Egypt’s political figures break silence over September protests


The demonstrations against General Abdel Fattah al-Sisi and his regime in Egypt, which lasted for more than two consecutive weeks, made a remarkable change in the opposition’s ranks and those loyal to al-Sisi’s regime. The most notable changes were in the departure of political figures and entities from their long silence after entering into a deep sleep to avoid safety and not to clash with a repressive regime that has not shown any mercy against the opposition.

The former presidential candidate, Hamdeen Sabahi, was among the most prominent of them. Sabahi attacked the ruling regime vigorously, in addition to a statement from the Social Democratic Party and a declaration from the Constitution Party, the Socialist Popular Alliance Party, and the Revolutionary Socialists Movement for their solidarity with the protesters’ demands.

The popular demonstrations began in several villages and on Cairo’s outskirts, demanding al-Sisi’s departure and denouncing the poor living and economic conditions in conjunction with anger at the demolition of buildings and mosques, claiming they violated them. The demonstrations took place in response to the call of the actor and contractor Mohamed Ali, with which activists and opponents interacted, despite the fierce security grip, and the authorities arrested hundreds, including dozens of children. With the escalation of protests and arrests, the police killed two people, the last of whom was Awais al-Rawy in Luxor, Upper Egypt, who became an icon of this movement as he died as a result of his refusal to let a police officer insult his father.

Hamdeen Sabahi 

The killing of Awais al-Rawy and the widespread interaction with his death prompted Hamdeen Sabahi to criticise the authorities, warning of a coming explosion. Sabahi wrote on his Facebook account, “Awais Al-Rawy, the martyr of dignity, an authority afflicted with atrophy of the political mind and swollen security muscles provoking the volcano of muffled anger to explode.” It is noteworthy that Sabahi competed with al-Sisi in the first presidential elections, but came out with a resounding defeat that prompted the Egyptians to joke that he came third after al-Sisi.

After Sabahi’s post, Samir Sabry, a lawyer close to the security services, quickly filed a complaint against him with the prosecution, accusing him of insulting the state and distorting its institutions. The lawyer, whose reports usually lead to the investigation of the person and his pretrial detention, as happened in many cases, submitted a similar report a few days ago against the former military spokesman because of an article written by him.

Al-Dostour Party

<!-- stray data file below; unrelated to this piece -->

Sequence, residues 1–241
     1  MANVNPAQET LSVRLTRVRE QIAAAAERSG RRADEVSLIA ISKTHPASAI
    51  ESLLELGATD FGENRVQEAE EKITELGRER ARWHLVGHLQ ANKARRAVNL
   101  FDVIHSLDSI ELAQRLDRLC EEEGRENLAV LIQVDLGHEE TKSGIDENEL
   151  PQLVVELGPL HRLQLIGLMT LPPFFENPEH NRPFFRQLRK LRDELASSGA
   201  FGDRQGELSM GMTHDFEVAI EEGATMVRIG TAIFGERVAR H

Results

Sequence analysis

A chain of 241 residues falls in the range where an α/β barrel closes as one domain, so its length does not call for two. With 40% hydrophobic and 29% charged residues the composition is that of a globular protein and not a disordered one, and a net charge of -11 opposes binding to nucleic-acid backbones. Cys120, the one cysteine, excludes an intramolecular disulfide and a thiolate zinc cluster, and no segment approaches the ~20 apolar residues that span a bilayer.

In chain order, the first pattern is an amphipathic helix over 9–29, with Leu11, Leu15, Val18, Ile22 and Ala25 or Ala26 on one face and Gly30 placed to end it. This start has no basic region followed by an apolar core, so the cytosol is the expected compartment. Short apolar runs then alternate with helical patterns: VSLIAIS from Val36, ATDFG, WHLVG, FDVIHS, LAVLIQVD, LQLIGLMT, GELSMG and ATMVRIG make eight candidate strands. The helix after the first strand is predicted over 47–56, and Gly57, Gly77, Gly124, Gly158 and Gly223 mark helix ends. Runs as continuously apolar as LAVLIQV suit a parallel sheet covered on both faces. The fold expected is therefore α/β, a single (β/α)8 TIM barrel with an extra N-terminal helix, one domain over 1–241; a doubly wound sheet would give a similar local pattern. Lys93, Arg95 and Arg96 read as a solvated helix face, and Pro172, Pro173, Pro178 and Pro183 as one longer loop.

The al-Dostour (Constitution) Party was the first political entity (inside Egypt) to support September’s protests, and with that broke their long silence. In a statement, it called on al-Sisi’s regime to listen to the demands of the people. In turn, the Egyptian Social Democratic Party called for the release of prisoners of conscience, and an end to any legal violations against citizens, stressing that this protects the homeland and rightly supports the state.

The party, which is participating in the upcoming parliamentary elections, as part of the national list prepared by the security and intelligence services, said it had followed up on reports about the death of the citizen Awais al-Rawy in al-Awamiya village in Luxor. The party added that this incident, which carries a great disregard for the lives, dignity, and legal rights of citizens, as well as silence and obscuring them, portends serious consequences for society, the most important of which is the spread of discontent and anger and loss of confidence in justice and the account of the wrongdoers and equality among citizens.

He stressed that the frequency of events in the past weeks requires work to contain these protests and to reduce the provocation of people’s feelings and the loss of their dignity, instead of pushing things to ignite. At the same time, the Revolutionary Socialists Movement was in solidarity with the demonstrations and demanded the detainees’ release, which was also announced by the Socialist Popular Alliance Party.

Turning point

The solidarity of some parties with the September demonstrations shows that these protests are a turning point in Egypt after a period of political stagnation due to oppression and fear. It was one of the few times that the poor masses rose against their economic and social conditions, and did so across a wide geographical area, making it difficult for the regime to suppress them by traditional means.

Al-Sisi appeared in retreat before the protests after speaking in a tone of threat and intimidation, to announce the continuation of the government support scheduled for temporary employment for another three months until the end of the year. Al-Sisi directed the government to return building permits (al-Sisi himself suspended them) for six months, and his government also announced an extension of the period for reconciliation in building violations and a reduction of the fine. Politicians and observers believe that the protests and the solidarity of some parties and politicians with them after they retired from politics for an extended period may pave the way for more protests and perhaps a revolution that topples al-Sisi and his regime.